Top Patient Safety Issues that Hospitals Should Focus on in 2016

patient safety issues
May 17, 2016

Posted by MedbillingExperts / 0 Comment

Healthcare has made giant strides towards improving the safety of patients in recent years. Besides bringing down error rates drastically, healthcare practices have reduced hospital–acquired conditions by 17 percent, leading to 87,000 fewer patient deaths over the last five years. However, there is still scope for improvement. This blog talks about some of the potential patient safety issues that hospitals should focus on this year.

1. Medication errors:

Regarded as one of the most common types of inpatient errors, medication errors affect more than 5% of hospitalized patients every year. And unfortunately new evidence has revealed that this kind of medical errors are rising at a rapid pace in the current times. For instance, consider emergency surgeries. As per a recent report, nearly 50% of all surgeries are affected by medication errors of one kind or the other. Another report rates documentation errors, incorrect dosage and mistakes in labeling as the three most common causative factors for these errors.

How to prevent medication errors:

To overcome this failure, healthcare services should first acquire a thorough understanding of errors that recur at disturbing frequency. Based on this understanding, they need to come up with a targeted strategy to prevent these kinds of errors.

2. Diagnostic errors:

This kind of error accounts for 6 to 17 percent of all adverse events in the industry. What’s more, it also responsible for approximately 10% of patient deaths. All these figures indicate a definite room for improvement in this space.

How to prevent this issue from occurring:

Diagnostic errors generally occur due to two reasons – when there is lack of co-ordination between two or more healthcare providers responsible for treating a patient, and when there is a communication gap between doctors and nurses. Such scenarios can be averted by building a collaborative environment between all the major players.

3. Discharge practices to post-acute, home care:

A recent study, says nearly 20% of patients experience adverse events within the initial two to three weeks of discharge, and that majority of these cases can be averted. Hence providers need to be extremely careful to make sure that all the bases are covered during this critical juncture.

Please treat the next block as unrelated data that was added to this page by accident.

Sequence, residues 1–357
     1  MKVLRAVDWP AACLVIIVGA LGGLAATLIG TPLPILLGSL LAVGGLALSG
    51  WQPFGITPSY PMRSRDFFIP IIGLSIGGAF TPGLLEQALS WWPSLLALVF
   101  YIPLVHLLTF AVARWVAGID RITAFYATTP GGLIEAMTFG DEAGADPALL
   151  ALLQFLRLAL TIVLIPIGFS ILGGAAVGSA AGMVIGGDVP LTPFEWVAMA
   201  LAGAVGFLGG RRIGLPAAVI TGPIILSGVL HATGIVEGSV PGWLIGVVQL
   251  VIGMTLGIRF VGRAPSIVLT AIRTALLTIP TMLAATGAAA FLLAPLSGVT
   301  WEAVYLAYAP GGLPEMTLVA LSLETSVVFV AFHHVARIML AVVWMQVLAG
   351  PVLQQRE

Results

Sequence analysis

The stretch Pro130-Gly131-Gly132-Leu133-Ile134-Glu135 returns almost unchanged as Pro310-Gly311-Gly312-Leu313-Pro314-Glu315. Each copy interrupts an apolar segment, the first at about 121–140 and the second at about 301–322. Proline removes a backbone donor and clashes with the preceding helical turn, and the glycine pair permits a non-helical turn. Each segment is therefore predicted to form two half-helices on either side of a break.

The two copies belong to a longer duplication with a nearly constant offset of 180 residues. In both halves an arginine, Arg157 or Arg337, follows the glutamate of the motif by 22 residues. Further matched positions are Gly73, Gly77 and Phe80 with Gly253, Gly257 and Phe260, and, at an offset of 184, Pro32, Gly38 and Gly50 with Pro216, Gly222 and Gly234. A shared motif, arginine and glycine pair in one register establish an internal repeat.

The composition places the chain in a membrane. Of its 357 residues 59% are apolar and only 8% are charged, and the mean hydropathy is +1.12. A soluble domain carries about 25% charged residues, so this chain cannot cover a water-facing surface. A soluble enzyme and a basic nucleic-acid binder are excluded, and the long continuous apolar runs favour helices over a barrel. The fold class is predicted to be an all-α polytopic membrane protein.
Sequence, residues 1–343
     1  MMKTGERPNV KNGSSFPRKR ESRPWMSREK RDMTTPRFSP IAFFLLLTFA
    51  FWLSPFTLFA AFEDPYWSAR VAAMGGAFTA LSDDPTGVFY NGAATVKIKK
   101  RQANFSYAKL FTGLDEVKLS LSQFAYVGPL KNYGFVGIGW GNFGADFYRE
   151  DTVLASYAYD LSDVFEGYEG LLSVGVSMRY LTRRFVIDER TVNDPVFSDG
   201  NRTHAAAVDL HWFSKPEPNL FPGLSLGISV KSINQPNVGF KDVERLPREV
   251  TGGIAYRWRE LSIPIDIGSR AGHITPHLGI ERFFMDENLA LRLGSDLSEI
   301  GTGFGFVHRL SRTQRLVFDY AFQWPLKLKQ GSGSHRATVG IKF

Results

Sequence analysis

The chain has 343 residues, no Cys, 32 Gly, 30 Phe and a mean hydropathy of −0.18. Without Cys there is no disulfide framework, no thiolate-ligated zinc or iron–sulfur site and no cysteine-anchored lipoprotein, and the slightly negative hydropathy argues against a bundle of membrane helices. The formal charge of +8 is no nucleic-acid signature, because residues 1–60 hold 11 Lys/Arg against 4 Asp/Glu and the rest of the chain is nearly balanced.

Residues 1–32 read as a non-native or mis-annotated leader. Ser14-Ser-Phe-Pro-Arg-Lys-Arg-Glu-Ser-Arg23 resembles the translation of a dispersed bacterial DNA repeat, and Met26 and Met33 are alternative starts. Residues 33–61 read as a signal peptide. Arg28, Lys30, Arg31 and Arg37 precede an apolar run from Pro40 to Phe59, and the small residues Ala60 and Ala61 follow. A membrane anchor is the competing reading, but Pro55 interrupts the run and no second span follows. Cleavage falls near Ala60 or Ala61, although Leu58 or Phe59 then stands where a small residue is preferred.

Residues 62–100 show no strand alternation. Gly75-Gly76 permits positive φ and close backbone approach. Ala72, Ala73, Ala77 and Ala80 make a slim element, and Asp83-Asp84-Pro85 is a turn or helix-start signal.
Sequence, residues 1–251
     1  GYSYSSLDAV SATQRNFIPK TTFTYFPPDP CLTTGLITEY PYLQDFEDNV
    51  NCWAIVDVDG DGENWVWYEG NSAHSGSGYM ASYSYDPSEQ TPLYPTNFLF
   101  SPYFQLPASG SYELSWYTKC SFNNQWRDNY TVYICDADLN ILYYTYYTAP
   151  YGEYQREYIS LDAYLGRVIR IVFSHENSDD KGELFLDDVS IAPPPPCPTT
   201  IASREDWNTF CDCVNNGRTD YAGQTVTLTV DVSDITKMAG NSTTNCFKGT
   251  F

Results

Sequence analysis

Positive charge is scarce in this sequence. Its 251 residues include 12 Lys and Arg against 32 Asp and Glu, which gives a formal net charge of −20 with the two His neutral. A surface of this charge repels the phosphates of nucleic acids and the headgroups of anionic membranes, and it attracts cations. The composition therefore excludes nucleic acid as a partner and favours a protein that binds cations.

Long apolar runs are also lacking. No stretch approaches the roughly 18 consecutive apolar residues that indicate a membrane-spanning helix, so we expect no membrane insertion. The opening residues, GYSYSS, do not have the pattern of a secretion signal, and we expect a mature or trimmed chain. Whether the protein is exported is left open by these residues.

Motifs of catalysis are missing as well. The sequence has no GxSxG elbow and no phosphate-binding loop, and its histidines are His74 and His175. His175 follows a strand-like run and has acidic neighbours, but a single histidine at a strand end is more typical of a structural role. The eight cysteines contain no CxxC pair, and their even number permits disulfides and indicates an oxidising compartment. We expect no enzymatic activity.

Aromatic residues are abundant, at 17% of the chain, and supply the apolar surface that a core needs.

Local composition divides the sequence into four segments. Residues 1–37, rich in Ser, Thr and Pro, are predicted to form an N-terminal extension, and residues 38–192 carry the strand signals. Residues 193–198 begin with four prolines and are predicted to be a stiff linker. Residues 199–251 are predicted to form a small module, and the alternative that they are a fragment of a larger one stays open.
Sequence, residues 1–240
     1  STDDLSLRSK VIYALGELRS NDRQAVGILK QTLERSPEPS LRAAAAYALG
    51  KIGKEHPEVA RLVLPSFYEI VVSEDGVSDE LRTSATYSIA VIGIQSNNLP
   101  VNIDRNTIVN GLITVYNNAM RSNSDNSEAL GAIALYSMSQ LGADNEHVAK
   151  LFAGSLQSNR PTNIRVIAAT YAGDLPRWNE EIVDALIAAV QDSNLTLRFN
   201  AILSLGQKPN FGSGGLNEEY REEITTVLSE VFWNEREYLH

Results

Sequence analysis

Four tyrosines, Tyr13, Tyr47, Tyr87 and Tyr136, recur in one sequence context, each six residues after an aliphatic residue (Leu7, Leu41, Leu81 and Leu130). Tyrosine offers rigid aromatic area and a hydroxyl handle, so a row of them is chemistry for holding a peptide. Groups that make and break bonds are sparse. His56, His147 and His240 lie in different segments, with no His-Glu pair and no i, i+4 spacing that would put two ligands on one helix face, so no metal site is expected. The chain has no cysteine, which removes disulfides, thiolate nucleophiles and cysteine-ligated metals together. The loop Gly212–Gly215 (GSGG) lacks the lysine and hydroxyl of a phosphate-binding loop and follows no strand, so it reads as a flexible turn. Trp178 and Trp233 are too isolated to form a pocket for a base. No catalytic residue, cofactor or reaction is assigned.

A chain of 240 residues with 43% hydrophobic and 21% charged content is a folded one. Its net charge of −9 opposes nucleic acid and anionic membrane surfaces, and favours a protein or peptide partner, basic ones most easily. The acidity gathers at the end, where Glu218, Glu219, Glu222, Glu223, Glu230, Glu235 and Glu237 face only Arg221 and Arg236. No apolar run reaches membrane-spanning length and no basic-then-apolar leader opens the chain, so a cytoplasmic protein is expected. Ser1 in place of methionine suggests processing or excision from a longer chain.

How to prevent this issue from occurring:

Hospitals need to be more proactive to reduce such possibilities. They need to educate patients and their families about proper post-discharge care, and also set up appropriate monitoring mechanisms that promote continuous care.

4. Hospital facility safety:

Many a times the safety of patients can be at stake due to building or maintenance issues. Consider the sewage leak and rat infestation that happened in one of the hospital in Florida last year. Such snags in maintenance of hospital facilities can lead to spread of harmful microbes that can severely impede patient safety.

How to prevent this issue from occurring:

This can be prevented by re-evaluating the maintenance protocols of your facilities from time to time. Hospitals need to adhere to standard guidelines for sewage, pest control, air condition, ventilation and heating in wards, cafeterias, lavatories, emergency rooms, endoscope procedure rooms, sterile processing departments, operating rooms and other facilities in the hospital.

The Bottom-line

There are a lot of issues and stumbling blocks that is preventing hospitals from reaching their ultimate goal of zero patient harm. In addition to the above mentioned issues, there are also other patient safety impediments such as workplace safety issues, reprocessing issues and cyber-insecurity of medical devices. There is also the issue of diseases such as sepsis and also the dangers posed by superbugs. In 2016, Hospitals need to make a concerted effort to remove these impediments to patient safety.

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